Bullets whiz by seemingly coming from every direction, poking one’s head out of cover is the quickest way to the grave, the commander is yelling something, but it’s hard to tell what. It’s impossible to figure out where enemy fire is coming from and one can only hope the rest of their squad is with them. Planes rip the sky apart overhead screaming in the distance. Breaching a building, a moment of quite hits, but it’s only a mutated quite that comes from the walls which are safe…for now, a mortar could blow one away at any second. The bridge that you’re steadily making your way towards is now within view — will you make it? It’svonly about one hundred yards, but vicious metal mixed with fire awaits as soon as you even try and make a move. Welcome to Call of Duty: WWII.
Call of Duty: WWII seems to be aiming to do many things at once. It wants to bring WWII to a new generation (it has been twenty years since Saving Private Ryan), it wants to be historically accurate but without sacrificing any of the action. It wants to reflect impact on the importance of livelihood in the everyday men/women involved in WWII. It wants to appease its multiplayer fan base while also bringing them something new. Focusing on so many targets at once though only serves one purpose, losing sight of what you should be aiming at.
“Honoring those who fought in WWII,” this is a statement made a few times in our time with Call of Duty WWII, but it’s not hitting…at the moment. For a game about Axis vs Allies, the lack of Axis is apparent. World War II was about ideologies clashing together. People saying, “I believe these things and what you believe is wrong” and so much more. That’s not to praise that line of thought. What it does show is a lack of understanding that the Nazi’s were not good, they were quite bad. Evil, to say the least. Fighting as the Allies against these ideologies or even taking on the role of the Axis is extremely important when approaching this subject matter.
Using the single player campaign as the sole platform to represent a historically accurate war, is certainly appropriate. As Sledgehammer Games announced in April, players will follow a single squad of the 1st Infantry Division. Players will also see a cast of characters of a multinational level, this is a world war after all. This will include participating with troops from the British forces to the French female resistance fighters.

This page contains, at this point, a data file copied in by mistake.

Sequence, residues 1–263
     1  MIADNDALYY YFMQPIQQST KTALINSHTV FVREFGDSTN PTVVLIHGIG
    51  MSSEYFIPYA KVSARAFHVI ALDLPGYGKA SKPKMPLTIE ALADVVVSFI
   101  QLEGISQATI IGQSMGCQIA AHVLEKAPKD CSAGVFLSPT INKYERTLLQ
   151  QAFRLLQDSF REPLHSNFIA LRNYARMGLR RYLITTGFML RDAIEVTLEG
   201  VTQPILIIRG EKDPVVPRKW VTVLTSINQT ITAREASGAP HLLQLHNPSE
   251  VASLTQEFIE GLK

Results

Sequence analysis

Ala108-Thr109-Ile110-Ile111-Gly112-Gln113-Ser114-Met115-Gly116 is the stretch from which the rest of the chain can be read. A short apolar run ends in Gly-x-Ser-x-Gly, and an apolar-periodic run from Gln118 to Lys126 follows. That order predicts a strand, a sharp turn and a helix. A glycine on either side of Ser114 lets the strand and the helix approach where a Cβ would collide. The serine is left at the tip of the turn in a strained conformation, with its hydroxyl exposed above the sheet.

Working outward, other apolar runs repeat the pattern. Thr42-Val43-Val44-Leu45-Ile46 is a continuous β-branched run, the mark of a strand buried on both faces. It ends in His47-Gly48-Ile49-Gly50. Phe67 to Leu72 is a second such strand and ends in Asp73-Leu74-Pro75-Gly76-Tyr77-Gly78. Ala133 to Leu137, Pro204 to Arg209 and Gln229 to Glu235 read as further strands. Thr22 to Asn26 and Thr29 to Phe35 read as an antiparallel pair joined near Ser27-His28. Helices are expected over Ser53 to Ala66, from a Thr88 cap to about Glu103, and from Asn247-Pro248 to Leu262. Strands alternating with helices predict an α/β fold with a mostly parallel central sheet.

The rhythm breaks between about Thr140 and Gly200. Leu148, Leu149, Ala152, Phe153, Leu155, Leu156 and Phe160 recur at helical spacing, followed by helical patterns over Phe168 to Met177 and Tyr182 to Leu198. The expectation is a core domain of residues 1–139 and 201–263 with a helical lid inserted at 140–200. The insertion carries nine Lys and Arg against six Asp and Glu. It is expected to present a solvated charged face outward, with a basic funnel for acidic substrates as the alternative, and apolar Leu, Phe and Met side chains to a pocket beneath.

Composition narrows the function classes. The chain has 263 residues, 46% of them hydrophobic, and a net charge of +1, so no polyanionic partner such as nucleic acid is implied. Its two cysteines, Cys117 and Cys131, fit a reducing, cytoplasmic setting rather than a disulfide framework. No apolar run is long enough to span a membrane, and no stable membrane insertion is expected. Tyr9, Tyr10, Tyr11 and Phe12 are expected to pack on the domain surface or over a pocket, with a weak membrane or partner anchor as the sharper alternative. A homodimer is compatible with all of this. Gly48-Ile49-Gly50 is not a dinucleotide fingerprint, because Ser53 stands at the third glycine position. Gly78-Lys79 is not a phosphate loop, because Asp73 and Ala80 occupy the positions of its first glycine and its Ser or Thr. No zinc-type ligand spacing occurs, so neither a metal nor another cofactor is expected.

How much historical context they are given though remains to be seen. Sledgehammer Games and Activision have confirmed to us that Nazi imagery will be very prominent throughout the campaign, with a strong emphasis on authenticity, but due to legal restrictions in a number of countries, the multiplayer component will not feature specific symbols.
The scantiness of representation in multiplayer will be disappointing, but it’s understandable considering the circumstances. Speaking of which, Call of Duty: WWII is bringing many changes to multiplayer. Divisions are one of these new features. CODWWII hoping to bring players closer than ever to getting firsthand experience in enlisting during this time of world upheaval. Players will be able to join three branches of playstyle in Divisions with; air, armor and infantry. Each distinctly different. Call of Duty WWII also introduces Headquarters (the tower from Destiny) which will be set up on the beach of Normandy, there players will be able to interact and show off the swag they’ve earned either as the Allies or Axis. Both having their home bases represented on different parts of the beach head. With these two new additions Call of Duty WWII aims to bring squad based play to life, instead of the “lone wolf” mentality they’ve seen in the past. With objectives like taking bridges, storming strongholds or taking out specific targets, players will have to work together to succeed. Injecting a sense of purpose to multiplayer like Call of Duty has never seen before.
Of course, what modern Call of Duty game would be complete without Zombies? Well, Sledgehammer made sure to make that too, this being Sledgehammer Games first iteration of Zombies. Even this will have that Sledgehammer touch, stating that the Zombie mode players can except from Call of Duty WWII is more like Dead Space meets Zombies than anything else. That makes perfect sense coming from Sledgehammer with two industry vets behind the wheel — Glen Schofield and Michael Condrey being the creators of Dead Space.
Call of Duty WWII is making sure everyone knows “back to the roots” and “boots on the ground” is what can be expected. The guns might be realistic, the places might be on the map but creating a believable drama in a war game is a hefty bill to fit. Battlefield 1 tried it last year, I had some things to say about that. Now it’s Call of Duty’s turn, hopefully it won’t leave out the importance of just why the world was at war. See for yourself on the E3 show floor where three different modes of play will be available. If not at E3 more news is on the way, November isn’t that far off.